Thirty years is an awfully long span of time. Over three decades a tiny sapling can become a beautiful tree stretching up to the heavens, a good wine can become an extremely valuable good wine and a little baby can transform into a jaded and bleary-eyed office worker. Thankfully, the changes which have happened to the experience of commuting over the past thirty years have been almost entirely positive (if you don’t include ticket prices...), and most of us can now look forward to an agreeable experience whenever we step onto a train, bus, tube or plane on our way to work.
The reading material available to us on our commutes in this day and age is not only far more varied than the range we had to choose from in 1984, it can also come in packages which are far better suited for travelling on busy public transport. For starters, our papers have shrunk. Where once we had to battle with the gargantuan pages of broadsheet papers in the morning, many quality newspapers now come in a tabloid format – the excellent i from the makers of The Independent for instance. Of course, many of us have done away with physical papers altogether, and do our reading on an e-reader like Amazon’s Kindle, a tablet or even a smartphone instead.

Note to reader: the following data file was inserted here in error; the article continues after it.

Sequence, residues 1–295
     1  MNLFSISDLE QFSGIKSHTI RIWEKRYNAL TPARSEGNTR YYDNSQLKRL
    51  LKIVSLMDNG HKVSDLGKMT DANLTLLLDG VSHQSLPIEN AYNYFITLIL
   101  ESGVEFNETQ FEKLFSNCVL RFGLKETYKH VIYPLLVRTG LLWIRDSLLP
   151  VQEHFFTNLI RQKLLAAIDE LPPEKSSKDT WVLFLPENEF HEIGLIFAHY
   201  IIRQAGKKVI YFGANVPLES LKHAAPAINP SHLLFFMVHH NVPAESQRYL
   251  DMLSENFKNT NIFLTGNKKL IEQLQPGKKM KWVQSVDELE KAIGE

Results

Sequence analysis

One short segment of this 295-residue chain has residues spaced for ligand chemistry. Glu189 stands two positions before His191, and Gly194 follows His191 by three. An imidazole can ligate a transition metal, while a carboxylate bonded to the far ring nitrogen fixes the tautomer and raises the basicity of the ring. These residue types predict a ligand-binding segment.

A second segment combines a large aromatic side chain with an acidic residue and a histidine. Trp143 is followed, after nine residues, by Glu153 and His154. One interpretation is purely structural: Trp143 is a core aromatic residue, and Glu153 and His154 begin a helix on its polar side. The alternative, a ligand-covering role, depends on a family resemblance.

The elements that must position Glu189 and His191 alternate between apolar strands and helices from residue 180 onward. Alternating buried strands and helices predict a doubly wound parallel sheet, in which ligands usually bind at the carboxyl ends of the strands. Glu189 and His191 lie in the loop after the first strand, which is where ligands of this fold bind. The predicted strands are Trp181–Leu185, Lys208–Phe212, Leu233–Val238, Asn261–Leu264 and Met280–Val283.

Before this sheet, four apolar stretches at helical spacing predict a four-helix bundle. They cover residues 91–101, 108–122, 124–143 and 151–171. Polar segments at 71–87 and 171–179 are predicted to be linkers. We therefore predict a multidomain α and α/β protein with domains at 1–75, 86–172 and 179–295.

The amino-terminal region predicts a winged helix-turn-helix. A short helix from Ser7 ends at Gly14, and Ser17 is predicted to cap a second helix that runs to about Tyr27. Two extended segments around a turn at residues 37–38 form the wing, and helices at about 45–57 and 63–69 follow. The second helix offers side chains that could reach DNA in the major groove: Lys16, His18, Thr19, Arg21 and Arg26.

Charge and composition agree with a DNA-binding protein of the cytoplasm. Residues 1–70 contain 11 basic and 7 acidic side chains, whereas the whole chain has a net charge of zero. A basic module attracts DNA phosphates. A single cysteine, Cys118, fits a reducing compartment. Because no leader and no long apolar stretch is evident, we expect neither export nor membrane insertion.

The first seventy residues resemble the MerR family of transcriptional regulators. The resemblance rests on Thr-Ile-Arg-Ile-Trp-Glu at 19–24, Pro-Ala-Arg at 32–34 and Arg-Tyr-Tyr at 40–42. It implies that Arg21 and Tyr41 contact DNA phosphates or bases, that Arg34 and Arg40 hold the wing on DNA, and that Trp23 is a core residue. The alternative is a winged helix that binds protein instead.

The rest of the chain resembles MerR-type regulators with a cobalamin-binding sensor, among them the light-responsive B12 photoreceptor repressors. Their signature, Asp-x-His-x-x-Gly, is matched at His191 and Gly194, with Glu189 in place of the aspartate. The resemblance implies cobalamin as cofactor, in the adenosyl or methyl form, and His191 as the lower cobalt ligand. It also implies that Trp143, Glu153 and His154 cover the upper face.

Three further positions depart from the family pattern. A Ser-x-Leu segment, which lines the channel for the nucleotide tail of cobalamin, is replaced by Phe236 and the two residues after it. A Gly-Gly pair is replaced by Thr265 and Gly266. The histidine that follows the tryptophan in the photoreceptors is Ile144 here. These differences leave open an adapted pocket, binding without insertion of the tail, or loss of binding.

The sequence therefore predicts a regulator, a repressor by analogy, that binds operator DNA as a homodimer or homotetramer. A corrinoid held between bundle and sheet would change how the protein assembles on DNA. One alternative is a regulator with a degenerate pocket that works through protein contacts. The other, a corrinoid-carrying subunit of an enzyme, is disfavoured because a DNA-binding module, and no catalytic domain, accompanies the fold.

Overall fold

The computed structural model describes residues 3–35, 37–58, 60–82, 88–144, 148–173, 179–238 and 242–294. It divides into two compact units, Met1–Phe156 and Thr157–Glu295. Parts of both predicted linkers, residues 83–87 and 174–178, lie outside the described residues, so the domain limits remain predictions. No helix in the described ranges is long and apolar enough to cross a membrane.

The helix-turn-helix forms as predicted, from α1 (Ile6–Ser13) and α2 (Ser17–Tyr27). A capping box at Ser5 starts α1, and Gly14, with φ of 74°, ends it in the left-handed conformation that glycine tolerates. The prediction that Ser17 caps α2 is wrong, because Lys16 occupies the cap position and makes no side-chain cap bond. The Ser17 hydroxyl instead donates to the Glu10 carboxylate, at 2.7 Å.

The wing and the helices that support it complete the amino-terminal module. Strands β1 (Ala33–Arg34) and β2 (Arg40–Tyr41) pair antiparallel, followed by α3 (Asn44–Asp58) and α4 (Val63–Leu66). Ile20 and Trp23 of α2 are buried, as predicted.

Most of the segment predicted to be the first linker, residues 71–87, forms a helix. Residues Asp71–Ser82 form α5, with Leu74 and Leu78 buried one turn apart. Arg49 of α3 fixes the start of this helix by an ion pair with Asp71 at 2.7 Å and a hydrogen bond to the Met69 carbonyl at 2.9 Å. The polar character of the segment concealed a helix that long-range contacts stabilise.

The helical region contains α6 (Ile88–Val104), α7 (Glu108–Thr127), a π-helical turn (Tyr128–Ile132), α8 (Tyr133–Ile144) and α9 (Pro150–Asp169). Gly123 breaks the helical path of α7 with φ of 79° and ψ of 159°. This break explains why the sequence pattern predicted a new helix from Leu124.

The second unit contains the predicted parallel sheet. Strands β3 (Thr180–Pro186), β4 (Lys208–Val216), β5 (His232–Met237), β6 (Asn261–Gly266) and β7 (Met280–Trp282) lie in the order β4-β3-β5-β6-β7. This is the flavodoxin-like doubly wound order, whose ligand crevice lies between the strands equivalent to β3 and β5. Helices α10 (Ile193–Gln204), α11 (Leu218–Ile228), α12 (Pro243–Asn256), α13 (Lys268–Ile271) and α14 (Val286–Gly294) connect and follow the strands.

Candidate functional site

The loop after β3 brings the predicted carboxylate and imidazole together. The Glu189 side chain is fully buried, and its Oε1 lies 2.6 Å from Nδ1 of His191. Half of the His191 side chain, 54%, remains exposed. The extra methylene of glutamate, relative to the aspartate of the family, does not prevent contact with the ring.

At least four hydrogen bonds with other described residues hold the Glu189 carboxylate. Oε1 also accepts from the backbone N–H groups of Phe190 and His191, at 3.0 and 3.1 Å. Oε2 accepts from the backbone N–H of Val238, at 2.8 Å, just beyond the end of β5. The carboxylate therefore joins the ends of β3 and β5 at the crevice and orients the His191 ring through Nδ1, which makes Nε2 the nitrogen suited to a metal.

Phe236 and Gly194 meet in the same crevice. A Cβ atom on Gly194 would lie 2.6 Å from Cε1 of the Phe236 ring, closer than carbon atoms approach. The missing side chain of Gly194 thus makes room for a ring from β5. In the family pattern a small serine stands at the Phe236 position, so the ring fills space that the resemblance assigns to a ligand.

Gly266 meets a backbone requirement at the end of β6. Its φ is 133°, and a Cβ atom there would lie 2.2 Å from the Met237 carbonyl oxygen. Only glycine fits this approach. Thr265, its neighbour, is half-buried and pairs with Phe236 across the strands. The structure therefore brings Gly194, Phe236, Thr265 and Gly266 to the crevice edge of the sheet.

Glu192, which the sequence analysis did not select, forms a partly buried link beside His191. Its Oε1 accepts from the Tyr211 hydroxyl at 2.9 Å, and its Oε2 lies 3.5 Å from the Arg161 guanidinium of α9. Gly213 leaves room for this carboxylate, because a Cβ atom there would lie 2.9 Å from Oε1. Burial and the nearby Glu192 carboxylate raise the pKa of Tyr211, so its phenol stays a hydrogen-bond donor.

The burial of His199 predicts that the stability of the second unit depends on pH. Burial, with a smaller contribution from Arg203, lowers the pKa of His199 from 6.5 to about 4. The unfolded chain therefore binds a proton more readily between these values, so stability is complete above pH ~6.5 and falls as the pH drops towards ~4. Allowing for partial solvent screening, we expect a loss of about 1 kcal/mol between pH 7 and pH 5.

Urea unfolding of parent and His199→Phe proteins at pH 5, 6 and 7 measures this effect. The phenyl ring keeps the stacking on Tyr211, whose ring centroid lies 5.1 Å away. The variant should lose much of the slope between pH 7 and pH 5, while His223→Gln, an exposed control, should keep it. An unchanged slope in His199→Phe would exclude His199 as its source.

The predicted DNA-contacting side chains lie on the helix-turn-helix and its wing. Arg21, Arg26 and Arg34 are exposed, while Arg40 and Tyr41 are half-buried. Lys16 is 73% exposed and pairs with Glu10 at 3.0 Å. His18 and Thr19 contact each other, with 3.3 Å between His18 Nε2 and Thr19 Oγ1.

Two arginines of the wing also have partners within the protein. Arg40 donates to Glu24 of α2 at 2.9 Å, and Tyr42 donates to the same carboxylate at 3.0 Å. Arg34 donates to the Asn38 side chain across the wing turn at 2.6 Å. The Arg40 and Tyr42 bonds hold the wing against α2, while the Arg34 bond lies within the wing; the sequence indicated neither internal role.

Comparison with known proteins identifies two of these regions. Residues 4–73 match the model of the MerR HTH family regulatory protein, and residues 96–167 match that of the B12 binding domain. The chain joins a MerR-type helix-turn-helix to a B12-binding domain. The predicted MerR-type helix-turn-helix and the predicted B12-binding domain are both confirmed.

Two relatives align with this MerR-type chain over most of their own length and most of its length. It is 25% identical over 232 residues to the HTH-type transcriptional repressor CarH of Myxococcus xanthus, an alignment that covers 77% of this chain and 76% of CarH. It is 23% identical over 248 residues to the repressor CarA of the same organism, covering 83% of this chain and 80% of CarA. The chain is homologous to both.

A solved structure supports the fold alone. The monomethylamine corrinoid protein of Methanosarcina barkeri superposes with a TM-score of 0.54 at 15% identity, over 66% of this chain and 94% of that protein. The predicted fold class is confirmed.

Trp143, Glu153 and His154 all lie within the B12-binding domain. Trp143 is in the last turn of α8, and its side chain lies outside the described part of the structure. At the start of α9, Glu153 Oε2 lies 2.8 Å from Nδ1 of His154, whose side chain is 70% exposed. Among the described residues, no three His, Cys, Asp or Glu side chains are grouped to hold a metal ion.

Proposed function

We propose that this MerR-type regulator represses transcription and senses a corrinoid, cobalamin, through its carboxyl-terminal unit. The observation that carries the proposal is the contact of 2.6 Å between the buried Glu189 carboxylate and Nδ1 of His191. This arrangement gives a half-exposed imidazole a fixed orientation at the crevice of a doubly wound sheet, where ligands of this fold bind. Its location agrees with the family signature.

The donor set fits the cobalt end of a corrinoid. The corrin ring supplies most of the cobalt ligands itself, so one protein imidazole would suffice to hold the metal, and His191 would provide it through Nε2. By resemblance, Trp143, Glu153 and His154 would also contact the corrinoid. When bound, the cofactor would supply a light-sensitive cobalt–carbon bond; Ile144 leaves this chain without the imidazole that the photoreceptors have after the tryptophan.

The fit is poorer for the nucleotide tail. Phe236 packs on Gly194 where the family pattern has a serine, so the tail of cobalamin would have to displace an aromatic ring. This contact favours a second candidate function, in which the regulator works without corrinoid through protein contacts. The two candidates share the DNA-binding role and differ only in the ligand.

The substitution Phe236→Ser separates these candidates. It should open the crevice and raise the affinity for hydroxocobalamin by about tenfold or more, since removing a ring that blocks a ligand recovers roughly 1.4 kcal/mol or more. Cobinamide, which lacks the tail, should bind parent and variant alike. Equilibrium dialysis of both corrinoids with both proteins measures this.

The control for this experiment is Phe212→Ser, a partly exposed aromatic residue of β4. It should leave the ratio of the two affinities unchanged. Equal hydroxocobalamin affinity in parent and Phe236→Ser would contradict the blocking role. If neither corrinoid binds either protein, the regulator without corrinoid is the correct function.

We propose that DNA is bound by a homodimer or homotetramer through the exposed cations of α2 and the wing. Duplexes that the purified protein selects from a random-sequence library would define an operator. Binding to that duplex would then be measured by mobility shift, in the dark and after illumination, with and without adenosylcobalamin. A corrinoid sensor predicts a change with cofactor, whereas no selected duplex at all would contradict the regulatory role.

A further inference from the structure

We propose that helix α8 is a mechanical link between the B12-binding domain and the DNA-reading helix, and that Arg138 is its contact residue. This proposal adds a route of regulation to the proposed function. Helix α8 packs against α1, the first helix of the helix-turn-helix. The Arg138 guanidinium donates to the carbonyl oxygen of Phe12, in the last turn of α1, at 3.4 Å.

Speaking of smartphones and tablets, when it comes to keeping ourselves entertained whilst commuting, it’s generally our digital devices which are now our first port of call. Whether we're the kind of gamers who like to play on a smartphone casino or we're Angry/Flappy Bird fans. there's a whole universe of games available for the mobile devices of today’s tech-savvy commuters through the Android and Apple app stores. The picture for ‘80s commuters meanwhile, was decidedly bleaker. Puzzles like crosswords offered a little relief from the tedium, but there wasn’t a great deal else on offer in terms of entertainment besides watching the same grey metropolitan scenes scroll past the window on a daily basis...
By 1984, portable music players had arrived in the form of the vastly popular Sony Walkman, a portable tape-player which reset the boundaries of how we consume music by allowing listeners to take their favourite albums out of their homes and onto the streets for the first time. Of course, cumbersome tapes don’t quite match up to today's iPod’s with their ability to store literally days’ worth of music, but the opportunity to listen to a spot of Duran Duran of Frankie Goes to Hollywood probably went a long way towards brightening up the days of countless commuters in 1984!